JEFFERSON CITY, Mo. – Three state representatives met with union representatives to discuss a bill that would allow union members who pay into union pension funds to have access to the financial standing of those funds.
Reps. Bill Lant, Holly Rehder and Rob Vescovo believe HB 1540, filed by Vescovo, will allow greater transparency for union members paying into pension funds.
“This is a strong step in the right direction as we look for common ground where we can stand together to protect workers from bankrupt pension funds that will jeopardize their financial security during their retirement years,” Vescovo, R-Arnold, said.
According to the Department of Labor, over 200 unions are currently in critical condition, meaning they have significant funding or liquidity issues. Unions in critical condition may not award lump sum distributions out of their pension and must create plans to rectify their financial problems.
Vescovo added that the union leaders were receptive to this possible change.
“The representatives we met with indicated a willingness to work with us on this issue, which I hope will continue to drive meaningful discussion that will lead to policy changes that will put some effective protections in place for workers who deserve answers,” he said in a statement.
One angle of interest spawns from Lant, Rehder, and Vescovo trying to push this legislation they see as pro-union employee. Lant, Rehder, and Vescovo have all been fierce proponents of right-to-work legislation in the House, using the same kind of language to promote this new bill that they have used to advocate for right-to-work in the past – with a focus on the individual worker, not the union establishment.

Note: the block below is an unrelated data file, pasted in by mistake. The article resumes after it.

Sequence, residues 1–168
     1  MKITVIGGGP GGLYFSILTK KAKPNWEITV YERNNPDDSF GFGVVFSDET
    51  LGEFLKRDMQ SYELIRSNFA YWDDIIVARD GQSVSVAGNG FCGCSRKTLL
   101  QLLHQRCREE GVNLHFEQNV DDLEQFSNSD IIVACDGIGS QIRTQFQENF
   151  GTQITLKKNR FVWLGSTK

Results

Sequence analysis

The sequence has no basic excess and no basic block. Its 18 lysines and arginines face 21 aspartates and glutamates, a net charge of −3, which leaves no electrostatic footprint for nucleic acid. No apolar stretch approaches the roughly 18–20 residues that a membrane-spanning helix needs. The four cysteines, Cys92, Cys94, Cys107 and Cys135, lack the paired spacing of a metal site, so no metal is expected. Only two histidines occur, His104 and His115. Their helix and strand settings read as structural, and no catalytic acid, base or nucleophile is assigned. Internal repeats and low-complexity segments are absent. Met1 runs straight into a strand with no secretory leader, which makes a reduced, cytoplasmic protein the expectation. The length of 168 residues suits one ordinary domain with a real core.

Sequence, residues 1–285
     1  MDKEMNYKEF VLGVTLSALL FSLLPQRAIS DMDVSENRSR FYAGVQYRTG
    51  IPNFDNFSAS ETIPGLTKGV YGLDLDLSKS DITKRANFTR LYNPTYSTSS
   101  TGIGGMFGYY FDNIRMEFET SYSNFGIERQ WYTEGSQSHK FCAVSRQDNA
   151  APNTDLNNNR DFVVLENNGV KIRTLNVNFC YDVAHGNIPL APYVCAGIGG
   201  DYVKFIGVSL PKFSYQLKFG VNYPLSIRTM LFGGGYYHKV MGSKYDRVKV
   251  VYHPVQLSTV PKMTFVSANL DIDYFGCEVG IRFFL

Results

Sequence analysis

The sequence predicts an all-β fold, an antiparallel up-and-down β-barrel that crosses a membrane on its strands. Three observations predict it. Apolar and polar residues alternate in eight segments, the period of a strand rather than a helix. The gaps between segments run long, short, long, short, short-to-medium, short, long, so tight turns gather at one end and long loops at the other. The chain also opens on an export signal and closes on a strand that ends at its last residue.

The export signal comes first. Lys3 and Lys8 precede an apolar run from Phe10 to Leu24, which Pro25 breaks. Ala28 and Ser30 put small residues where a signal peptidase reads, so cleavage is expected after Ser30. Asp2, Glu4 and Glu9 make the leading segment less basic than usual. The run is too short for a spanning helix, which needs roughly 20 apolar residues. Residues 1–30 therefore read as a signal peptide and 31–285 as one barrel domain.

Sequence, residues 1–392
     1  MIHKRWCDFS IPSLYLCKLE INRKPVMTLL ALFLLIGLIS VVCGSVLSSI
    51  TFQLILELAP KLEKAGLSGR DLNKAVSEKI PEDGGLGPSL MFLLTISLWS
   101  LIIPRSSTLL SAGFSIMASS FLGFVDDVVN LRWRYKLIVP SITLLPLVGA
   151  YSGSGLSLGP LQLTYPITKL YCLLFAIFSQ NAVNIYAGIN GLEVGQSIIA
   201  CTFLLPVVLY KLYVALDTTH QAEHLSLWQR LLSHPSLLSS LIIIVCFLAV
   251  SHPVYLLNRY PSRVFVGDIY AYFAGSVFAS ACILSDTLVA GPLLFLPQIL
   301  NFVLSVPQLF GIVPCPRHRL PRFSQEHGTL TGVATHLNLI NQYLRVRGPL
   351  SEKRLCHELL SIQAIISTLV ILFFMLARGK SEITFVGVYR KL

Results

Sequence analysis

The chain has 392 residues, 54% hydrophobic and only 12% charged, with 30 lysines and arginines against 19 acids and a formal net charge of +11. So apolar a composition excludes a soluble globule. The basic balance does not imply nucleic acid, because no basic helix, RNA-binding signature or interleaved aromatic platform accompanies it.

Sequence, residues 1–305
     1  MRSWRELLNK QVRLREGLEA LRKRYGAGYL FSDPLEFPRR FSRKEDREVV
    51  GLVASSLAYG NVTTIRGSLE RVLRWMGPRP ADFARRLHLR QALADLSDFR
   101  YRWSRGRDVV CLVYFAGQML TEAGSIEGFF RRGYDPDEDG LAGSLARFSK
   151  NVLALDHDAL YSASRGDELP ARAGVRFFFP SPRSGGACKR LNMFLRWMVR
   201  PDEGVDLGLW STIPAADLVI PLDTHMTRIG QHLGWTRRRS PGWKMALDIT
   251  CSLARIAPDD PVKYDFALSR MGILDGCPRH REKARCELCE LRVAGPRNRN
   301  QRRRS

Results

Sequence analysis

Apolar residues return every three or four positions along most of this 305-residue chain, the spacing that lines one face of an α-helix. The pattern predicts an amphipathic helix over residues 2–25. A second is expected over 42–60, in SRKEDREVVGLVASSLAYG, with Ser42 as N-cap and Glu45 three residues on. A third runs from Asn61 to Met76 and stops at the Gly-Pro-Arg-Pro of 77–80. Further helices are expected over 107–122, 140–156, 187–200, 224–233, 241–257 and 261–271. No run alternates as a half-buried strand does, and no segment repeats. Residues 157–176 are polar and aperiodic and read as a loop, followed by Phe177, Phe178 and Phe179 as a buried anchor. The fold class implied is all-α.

“These are reforms that are not anti-union, they benefit the union member 100 percent,” Rehder said, echoing the pro-right-to-work sentiment that right-to-work legislation is meant to benefit workers. Critics of right-to-work concede that while that may be the case, the secondary effects of less union membership caused by right-to-work destabilizes unions and ultimately allows for the disenfranchisement of the workforce.
However, Rehder, Lant, and Vescovo seem eager to engage unions in this process.
“I think and hope this is an issue where the legislature and the unions can be on the same page together so that we can ensure workers know exactly what their retirement benefits look like as they plan for their future,” Rehder continued in a statement.
Lant added that he felt everyone at the meeting, which included members from the Teamsters, Carpenters Union, and AFL-CIO, favored more transparency in pension plans.
“Trying to create a better safer workforce in the state of Missouri is everybody’s job,” he said, adding that he came away from the meeting with a sense that the union representatives “very truly are concerned about their membership.”
Mike Lewis, the president of the AFL-CIO said that the unions had not yet taken a solid position on the legislation however because it is still under review by their legal counsel.